Oh, that’s right — because we are the same. When we re-emerge in open air, Yāo’s eyes are shut. In this dream, he is dreaming, and he is traveling down a river bisecting the fruit of the world. So I tell him, once, you climbed trees fiercely. You spat your name with rancor. You took the body of your mother’s body and put so many holes in it that it gasped for air and swallowed whole everything that lay in its path — swallowed even the sun. And remember how you cried? All snot-nosed and ugly… Māmā slapped you across the face for it. Left a mark across your nose. How unattractive, she sneered, as if you were not hers at all. It made you believe you weren’t. It made you believe that you were not loved by anyone at all.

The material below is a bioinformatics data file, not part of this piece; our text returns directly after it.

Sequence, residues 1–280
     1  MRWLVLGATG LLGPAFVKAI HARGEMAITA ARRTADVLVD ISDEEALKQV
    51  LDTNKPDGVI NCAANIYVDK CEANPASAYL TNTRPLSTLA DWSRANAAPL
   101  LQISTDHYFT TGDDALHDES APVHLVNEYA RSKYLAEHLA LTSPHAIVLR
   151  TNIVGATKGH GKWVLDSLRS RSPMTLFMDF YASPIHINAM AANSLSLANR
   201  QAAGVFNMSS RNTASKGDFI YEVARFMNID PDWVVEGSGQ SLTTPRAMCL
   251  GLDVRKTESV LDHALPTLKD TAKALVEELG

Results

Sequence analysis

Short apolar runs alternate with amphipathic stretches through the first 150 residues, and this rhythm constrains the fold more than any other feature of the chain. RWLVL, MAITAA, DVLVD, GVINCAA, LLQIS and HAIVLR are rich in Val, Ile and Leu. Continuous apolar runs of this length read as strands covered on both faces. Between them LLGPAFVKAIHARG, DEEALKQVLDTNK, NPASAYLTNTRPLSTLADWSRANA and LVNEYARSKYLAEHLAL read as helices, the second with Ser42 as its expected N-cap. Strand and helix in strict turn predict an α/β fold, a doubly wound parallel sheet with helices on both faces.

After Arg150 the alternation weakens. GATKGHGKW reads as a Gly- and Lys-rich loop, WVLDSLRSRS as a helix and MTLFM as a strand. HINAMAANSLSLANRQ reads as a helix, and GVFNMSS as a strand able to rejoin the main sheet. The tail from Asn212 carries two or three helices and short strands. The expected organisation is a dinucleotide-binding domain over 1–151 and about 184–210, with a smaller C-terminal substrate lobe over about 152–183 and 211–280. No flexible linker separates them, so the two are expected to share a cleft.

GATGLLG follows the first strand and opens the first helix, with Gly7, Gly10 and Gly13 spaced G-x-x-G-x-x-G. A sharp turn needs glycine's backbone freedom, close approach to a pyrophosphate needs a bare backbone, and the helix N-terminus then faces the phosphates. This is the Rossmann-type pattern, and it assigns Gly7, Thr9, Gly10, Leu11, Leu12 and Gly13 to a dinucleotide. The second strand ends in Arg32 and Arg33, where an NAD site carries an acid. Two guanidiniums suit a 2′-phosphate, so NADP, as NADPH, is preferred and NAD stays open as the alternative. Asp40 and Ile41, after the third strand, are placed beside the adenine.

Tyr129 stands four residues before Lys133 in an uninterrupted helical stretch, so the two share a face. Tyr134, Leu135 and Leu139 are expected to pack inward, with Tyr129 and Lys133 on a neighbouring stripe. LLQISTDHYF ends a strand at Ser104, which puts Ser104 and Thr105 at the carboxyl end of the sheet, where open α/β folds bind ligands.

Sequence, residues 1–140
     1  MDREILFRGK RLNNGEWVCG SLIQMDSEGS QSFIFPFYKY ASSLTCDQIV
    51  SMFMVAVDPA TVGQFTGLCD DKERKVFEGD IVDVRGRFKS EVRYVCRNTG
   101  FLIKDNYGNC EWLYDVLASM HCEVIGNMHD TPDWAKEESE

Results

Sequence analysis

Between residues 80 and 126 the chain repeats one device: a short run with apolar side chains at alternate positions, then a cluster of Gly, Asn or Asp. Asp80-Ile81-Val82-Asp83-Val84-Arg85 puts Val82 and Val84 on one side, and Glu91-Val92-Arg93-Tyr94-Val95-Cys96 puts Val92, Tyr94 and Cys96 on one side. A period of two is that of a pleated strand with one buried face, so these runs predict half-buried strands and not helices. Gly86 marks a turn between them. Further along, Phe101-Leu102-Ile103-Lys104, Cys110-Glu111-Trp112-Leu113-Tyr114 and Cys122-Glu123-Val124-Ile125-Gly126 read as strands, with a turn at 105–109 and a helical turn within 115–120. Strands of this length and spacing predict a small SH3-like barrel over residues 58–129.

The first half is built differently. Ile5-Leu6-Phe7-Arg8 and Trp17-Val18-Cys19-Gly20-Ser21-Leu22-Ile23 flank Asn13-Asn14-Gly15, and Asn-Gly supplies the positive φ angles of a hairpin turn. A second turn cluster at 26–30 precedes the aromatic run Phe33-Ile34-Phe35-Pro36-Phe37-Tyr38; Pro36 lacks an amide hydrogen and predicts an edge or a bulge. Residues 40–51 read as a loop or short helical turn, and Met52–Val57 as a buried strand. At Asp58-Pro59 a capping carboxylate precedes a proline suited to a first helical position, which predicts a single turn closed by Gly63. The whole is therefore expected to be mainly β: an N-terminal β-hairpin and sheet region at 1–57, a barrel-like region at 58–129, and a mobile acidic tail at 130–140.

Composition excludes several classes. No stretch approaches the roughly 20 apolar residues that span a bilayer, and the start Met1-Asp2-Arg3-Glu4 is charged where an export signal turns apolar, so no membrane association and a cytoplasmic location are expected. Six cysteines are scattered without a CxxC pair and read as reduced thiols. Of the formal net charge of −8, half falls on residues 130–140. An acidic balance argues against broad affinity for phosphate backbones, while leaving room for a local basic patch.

For thirty years, you wandered alone in the forest, growing feral. Beasts avoided your step; they knew what you were. You hurt yourself; you were the only one you could target with your rage, a victimless crime. But all that went nowhere. The knives you carried grew heavy, and eventually you had to set them down. Through all that heartbreak, you learned something, something vital — that your body is the only thing you can ever truly own. And rather than carrying it like a burden, you can choose to take it with you on a journey. One where you will make a vow with yourself, that you will love your body no matter what it becomes, or how it emerges at the other end of it.